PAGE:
Alexandra LevickLiterary Agent with Writers House. Alexandra Levick has worked with a wide range of established New York Times bestsellers, national award winners, and debut clients. After graduating from the University of Rochester with a degree in English focused on Creative Writing, Alexandra attended New York University where she received her Masters of Science in Publishing with a specialization in Content Development. Prior to Writers House, she spent time at Sterling Lord Literistic, in publicity at Bloomsbury, and as a bookseller for Barnes and Noble. Today, she is building a broad list and works on everything from picture books to speculative adult fiction. Find her on Twitter @AllieLevick.

 

Giselle Anatol Moderator   Author/Professor – Gisell is a professor of English at the University of Kansas. She has edited three collections of essays on popular literature for children and young adults. She is also the author of THE THINGS THAT FLY IN THE NIGHT: Female Vampires in Literature of the Circus-Caribbean and African Diasapora.

 

First question asked was describe a typical day from your side of the desk.

Most of the speakers said they started by reading up on industry news and checking emails before diving in to their day.

Jim Hoover said, “Ideally I’ll have a cover up.” He likes to look at a piece of artwork first thing.

Katie Heit said that since her work is mostly focused on nonfiction, she hits those type of sites first, like the Smithsonian and National Geographic.

Alexandra Levick and Quressa Robinson agreed that there wasn’t really a typical day in the life of an agent. Alexandra said, “If I try to plan, it’s disastrous.” Quressa said that instead of a daily to-do list, she does weekly lists.

Next question asked about their pet peeves.

Almost all responded that it really got under their skin when they received submissions addressed incorrectly, with their name misspelled, queries addressed ‘Dear Sir or Madam’, or addressed to multiple people. (Although Quressa Robinson said she doesn’t like it when you misspell her name, she won’t hold it against you.)

Katie Heit said she also didn’t like it when authors included more than one manuscript in an email submission.

Sarah Jane Abbott clarified her pet peeve a little further: “When people haven’t done their research and send a query way out of my wheel house.”

Next question delved into what writers/illustrators should ask when choosing agent/editor to work with, specifically regarding chemistry.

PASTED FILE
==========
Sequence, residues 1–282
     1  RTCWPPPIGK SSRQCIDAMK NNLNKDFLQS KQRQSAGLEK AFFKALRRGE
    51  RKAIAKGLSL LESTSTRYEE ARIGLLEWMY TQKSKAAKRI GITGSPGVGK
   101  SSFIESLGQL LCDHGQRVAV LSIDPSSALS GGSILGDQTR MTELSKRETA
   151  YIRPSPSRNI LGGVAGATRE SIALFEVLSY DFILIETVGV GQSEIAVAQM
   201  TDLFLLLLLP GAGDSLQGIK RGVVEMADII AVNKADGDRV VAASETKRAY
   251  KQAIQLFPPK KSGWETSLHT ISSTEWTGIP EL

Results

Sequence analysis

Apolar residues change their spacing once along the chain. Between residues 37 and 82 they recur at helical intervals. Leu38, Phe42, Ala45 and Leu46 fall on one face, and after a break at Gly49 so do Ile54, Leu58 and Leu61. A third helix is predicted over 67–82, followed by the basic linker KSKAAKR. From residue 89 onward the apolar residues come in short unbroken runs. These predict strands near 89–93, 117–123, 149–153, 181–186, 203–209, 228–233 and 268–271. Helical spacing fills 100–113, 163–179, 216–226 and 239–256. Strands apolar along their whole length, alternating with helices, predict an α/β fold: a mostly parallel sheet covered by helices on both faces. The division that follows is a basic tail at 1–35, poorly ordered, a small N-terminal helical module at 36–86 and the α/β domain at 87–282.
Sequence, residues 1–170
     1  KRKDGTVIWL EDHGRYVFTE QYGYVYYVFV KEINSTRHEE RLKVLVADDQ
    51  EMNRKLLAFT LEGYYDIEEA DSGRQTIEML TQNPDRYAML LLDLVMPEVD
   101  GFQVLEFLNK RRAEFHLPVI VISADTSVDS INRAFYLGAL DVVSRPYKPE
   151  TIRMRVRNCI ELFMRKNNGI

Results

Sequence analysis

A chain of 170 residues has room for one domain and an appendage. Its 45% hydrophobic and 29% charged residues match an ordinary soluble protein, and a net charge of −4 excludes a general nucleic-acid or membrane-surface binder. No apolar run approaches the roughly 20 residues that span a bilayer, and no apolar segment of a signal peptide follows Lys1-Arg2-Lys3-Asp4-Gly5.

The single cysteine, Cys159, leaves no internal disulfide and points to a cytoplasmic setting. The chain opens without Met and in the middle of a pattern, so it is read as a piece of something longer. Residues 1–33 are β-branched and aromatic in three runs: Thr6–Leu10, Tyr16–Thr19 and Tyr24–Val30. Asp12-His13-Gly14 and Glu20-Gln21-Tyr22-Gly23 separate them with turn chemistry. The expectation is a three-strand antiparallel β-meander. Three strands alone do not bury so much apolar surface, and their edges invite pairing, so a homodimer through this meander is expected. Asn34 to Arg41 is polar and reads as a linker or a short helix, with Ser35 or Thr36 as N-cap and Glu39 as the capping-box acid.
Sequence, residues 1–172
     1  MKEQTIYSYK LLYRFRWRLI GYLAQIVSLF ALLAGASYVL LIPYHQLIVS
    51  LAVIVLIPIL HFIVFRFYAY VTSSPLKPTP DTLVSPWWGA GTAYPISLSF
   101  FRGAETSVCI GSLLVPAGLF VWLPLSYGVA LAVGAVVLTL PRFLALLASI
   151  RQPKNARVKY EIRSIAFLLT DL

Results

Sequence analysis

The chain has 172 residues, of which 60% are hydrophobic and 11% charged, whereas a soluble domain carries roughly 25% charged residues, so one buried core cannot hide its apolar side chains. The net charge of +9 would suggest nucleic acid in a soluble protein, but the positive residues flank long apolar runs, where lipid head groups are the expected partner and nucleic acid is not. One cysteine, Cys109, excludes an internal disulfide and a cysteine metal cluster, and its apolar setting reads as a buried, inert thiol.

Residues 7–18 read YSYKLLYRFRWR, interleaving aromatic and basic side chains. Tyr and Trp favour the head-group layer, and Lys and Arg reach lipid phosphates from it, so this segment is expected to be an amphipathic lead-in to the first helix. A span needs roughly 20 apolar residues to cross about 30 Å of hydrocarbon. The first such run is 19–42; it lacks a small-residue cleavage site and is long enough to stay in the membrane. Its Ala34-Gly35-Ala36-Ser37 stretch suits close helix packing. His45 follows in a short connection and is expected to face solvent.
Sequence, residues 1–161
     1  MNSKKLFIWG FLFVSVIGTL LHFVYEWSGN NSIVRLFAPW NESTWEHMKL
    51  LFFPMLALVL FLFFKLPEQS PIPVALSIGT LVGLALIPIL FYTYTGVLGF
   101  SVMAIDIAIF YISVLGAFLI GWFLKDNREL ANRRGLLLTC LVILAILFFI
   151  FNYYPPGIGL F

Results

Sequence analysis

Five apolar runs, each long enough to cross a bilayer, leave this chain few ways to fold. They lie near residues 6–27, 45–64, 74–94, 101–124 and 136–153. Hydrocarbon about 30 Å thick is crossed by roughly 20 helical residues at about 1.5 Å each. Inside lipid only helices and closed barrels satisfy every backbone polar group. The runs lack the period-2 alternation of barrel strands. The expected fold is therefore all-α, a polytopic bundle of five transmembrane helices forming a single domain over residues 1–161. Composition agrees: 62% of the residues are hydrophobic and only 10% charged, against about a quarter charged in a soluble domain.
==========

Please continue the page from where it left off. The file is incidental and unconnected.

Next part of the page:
Sarah Jane Abbott said you should ask about the vision your editor has for your story. If it doesn’t mesh with yours, this is important to know before you get started.

Alexandra Levick said you should ask about edits. Hopefully the goal is to make the book more your own – stronger. Also ask for references from their clients, who will be more honest about how agents work.

Quressa Robinson said you should definitely ask about their agenting style. “Some people aren’t phone people – like me.”

Last question asked when they would be willing to take a risk on a project.

Most responded with a need to feel passionate about the project as the precursor to championing a project.

Jim Hoover said simply if he sees the potential is there.

Katie Heit asked “Does it have a lot of potential?” Then after conversation with the author, can we craft this together? Does this make me really excited?

Alexandra Levick said she needs a really strong vision on how to edit it. Very solid ideas on how to edit and get to end goals.

Alyssa Henkin said if she feels the voice and feels so certain in her love for the story. The plot can be a mess – the plot is fixable.

Breakout Sessions

Alexandra Levick – How to Find the Right Literary Agent

Alexandra did her first internship at the University of Rochester. She worked for Bloomsbury for two years while pursuing a Masters degree where she fell in love with Children’s literature when she took a class on the subject. She currently works with senior agents Rebecca Sherman and Brianna Johnson at Writers House. She started there as an intern under Merrilee Heifetz, Neil Gaiman’s agent.

Alexandra had many great tips on how to go about the process of submitting, including what questions to ask and what information to include in your query letter.

One of the first things you need to have before you get started is a COMPLETED MANUSCRIPT. That’s right. You shouldn’t be querying unless your manuscript is completed. So, if that’s you, stop right now and get back to to your pages.